Areas covered by gum tissues don’t see that severe of sensitivity as those that aren’t. But if you lose even 1-2mm of gingiva, your teeth will definitely pick up on it.

Your teeth can gradually become more sensitive as gum recession worsens. Surprisingly, some people don’t suffer from sensitivity no matter how badly receded their gums are. Although you shouldn’t technically use sensitivity to determine the severity of your condition, it’s most certainly a reason to go ahead and seek out care. Especially if over-the-counter treatments like sensitivity toothpaste aren’t helping at all.

Root Caries — Root-surface tooth decay is a big concern for people with receding gumlines. Since root structures are not as dense as enamel (what covers the anatomical crown) they are far more susceptible to bacteria. In turn, cavities can form more quickly and spread at a much more rapid pace.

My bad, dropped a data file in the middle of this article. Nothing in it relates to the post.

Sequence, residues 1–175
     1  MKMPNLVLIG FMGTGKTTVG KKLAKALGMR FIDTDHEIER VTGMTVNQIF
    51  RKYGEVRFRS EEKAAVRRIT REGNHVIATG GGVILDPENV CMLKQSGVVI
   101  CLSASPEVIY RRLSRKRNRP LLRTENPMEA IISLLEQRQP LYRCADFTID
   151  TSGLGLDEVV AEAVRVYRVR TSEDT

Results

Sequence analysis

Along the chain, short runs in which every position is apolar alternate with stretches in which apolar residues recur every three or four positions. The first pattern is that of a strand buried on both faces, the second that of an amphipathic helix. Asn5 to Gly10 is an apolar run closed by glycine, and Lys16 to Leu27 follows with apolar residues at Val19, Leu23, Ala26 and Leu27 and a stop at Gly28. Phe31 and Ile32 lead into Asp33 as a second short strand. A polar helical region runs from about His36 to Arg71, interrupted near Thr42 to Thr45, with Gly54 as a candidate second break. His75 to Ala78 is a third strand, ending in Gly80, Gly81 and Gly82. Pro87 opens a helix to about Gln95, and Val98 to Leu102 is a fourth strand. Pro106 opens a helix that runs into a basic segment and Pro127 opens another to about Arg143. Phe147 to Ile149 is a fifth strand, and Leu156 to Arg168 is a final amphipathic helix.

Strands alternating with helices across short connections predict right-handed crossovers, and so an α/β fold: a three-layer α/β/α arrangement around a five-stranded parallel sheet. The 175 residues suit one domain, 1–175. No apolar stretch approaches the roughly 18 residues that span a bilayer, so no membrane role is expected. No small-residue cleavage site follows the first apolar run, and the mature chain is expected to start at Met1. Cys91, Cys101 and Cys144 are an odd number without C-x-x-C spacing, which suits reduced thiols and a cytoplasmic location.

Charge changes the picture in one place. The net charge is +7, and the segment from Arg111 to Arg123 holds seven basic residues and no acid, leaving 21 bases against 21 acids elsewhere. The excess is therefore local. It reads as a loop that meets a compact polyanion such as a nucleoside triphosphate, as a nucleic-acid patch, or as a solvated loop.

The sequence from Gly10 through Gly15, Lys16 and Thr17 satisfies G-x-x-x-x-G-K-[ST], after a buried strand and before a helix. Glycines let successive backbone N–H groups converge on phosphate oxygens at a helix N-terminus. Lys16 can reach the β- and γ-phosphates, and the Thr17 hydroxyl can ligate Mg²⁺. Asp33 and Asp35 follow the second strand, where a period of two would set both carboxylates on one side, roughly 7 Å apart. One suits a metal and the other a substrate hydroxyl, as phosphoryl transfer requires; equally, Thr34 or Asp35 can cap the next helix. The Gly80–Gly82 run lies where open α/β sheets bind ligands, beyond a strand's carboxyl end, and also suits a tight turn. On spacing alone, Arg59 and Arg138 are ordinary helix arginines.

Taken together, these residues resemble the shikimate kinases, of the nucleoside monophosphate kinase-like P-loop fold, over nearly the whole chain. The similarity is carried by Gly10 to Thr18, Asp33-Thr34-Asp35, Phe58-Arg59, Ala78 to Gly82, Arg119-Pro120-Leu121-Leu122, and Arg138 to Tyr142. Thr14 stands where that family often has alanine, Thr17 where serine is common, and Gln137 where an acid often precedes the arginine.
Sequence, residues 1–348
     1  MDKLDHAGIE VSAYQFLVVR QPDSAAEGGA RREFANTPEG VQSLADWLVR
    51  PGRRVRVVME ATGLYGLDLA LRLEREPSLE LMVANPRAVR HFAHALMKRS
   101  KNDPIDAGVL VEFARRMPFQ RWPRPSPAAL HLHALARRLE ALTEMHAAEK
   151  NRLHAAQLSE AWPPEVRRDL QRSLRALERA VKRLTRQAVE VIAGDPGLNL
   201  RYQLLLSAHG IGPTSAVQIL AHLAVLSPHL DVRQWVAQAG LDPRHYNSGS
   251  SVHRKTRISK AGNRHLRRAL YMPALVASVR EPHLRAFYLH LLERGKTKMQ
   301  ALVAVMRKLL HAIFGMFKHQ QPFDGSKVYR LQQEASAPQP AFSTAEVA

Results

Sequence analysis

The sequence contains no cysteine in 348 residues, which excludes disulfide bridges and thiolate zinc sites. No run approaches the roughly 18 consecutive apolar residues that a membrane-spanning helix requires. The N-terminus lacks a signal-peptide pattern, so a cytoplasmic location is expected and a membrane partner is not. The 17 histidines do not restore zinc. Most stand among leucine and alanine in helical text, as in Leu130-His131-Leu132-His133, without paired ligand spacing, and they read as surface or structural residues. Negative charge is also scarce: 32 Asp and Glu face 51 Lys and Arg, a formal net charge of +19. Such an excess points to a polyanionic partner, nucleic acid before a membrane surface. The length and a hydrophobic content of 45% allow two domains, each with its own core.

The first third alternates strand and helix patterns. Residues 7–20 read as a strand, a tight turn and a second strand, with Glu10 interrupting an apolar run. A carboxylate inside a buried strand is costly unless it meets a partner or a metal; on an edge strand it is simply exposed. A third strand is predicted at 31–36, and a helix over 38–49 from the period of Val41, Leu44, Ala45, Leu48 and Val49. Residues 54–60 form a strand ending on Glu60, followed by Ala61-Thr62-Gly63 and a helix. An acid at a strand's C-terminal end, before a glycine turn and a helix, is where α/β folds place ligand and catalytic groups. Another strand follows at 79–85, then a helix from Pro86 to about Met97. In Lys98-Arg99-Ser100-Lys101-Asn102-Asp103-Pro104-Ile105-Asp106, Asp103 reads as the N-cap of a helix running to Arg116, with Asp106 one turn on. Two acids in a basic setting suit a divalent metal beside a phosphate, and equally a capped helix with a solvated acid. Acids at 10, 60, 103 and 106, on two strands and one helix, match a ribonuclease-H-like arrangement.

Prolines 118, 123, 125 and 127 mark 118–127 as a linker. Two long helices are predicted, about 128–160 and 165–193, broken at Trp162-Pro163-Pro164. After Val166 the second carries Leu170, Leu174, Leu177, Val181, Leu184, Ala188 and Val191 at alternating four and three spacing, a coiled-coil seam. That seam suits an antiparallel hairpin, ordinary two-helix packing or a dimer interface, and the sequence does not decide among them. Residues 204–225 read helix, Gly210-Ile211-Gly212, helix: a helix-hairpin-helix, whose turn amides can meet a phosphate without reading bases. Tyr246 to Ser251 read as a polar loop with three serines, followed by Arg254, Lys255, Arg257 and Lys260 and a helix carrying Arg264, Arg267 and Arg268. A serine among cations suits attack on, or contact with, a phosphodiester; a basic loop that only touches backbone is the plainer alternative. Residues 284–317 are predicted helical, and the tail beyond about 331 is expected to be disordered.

Covering exposed roots with grafted gingiva provides a safe, natural covering for your teeth. Even though it’s a soft tissue, it still provides much-needed protection to the susceptible root structures underneath.

No matter how well you brush and floss your teeth each day, there will likely be some residual dental plaque left behind. And each time you eat or drink anything, those natural sugars and acids will combine with the plaque residue to further the erosion of tooth structure. Since tooth roots can’t withstand the same “wear and tear” that your tooth enamel does, they’re especially prone to decay.

You may be saying, “I’ve never had a cavity in my life!” Or perhaps you have an extremely high success rate when it comes to keeping tooth decay a thing of the past. But if your roots are exposed due to gum loss, you may not be so lucky.

Spaces Between Teeth — Gum tissues should ideally taper up into a pointed “papilla” between each of your teeth. This gingiva will ideally have a knife-edge that extends further than the other gumline areas.